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Brand new HastyBake 357 Pro

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    Brand new HastyBake 357 Pro

    Hi I just received and put together a hasty bake 357 pro. Wondering about seasoning it like my other cookers.
    I'm sure I need to wipe it down and light it up to burn off the factory residue but should I wipe season it with cooking oil / fat etc?
    Just cook a couple of fatties? Hope this is in the right category...

    #2
    Going through the same process. Being stainless, i don't think you need to season as you would more rust-susceptible materials, but thus far temperature control has been a doozy. There's a guy on the FB group with a 357 who seems to have his temperatures locked in and the inside of his was almost all black with residue. I doubt you can get that with a coating of pam, so i think the your fattie idea is the right one.

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      #3
      Thanks for the response. You know I just might do both. I never thought to use pam. On my WSM's it was just a couple of big honker fatties. Something cheap that I didn't care about.

      (But hey if they turn out I'll eat 'em!)

      BTW Did you wipe out and burn off all the factory crap first? It's such a big cooker and it's winter. Feelin' kind of lazy in the cold...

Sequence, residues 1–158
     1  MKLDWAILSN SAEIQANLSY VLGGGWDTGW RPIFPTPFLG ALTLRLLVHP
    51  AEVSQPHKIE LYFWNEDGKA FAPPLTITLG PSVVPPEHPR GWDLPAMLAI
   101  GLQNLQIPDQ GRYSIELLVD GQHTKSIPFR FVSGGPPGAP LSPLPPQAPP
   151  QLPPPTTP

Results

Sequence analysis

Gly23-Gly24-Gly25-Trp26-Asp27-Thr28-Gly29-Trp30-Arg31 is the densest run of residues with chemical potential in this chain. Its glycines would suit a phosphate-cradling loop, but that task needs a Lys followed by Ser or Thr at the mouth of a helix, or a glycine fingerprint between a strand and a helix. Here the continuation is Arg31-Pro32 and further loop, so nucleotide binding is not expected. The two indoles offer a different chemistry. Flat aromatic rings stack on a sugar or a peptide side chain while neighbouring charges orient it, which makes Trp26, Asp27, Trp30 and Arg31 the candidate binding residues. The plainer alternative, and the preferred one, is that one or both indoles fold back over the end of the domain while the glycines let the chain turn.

Comment


        #4
        10 years ago, when I got my Gourmet, I wiped the interior with a light coat of vegetable oil (canola, I think), loaded the firebox with about 1 full weber chimney of lump charcoal and burned it until it was gone. I kept the firebox high up and distributed the lump evenly and let the cooker run like that until all the charcoal was burnt out.

        After I did that, I started cooked normally on it. At the beginning, I had a lot of temp control issues. I solved those through sealing the firebox door. I don't think you should have to do that on the 357

        Comment


          #5
          Thank you!!! Yes the seal on the 357 looks pretty tight. Gonna do it this weekend. I'll let you know how it went

          Comment


          • ecowper
            ecowper commented
            Editing a comment
            Looking forward to hearing about your 357 adventures

          #6
          Congrats on the new cooker. I enjoy my Gourmet 257 alot. Have only had one wild ride/kabuki dance temp wise since I picked it up.

          Comment


            #7
            Hah! Thanks!!!
            Any advice would be appreciated.

            Comment


            • Smoldering Flea
              Smoldering Flea commented
              Editing a comment
              as you season it up, be aware that [at least mine] leaks some of the seasoning juice from the corners onto the ground. May want to look into a mat if that will be an issue for you.

            #8
            Most everyone on the FB HB group recommends spraying down the insides of the grill as well as the grates even though it's stainless. I think it takes getting the insides pretty gunked up before the 357 will get a lot more air tight and temps will be easier to control.

            Since they added the gaskets and the piece of metal at the bottom of the door, I think it's helped a lot on fire control.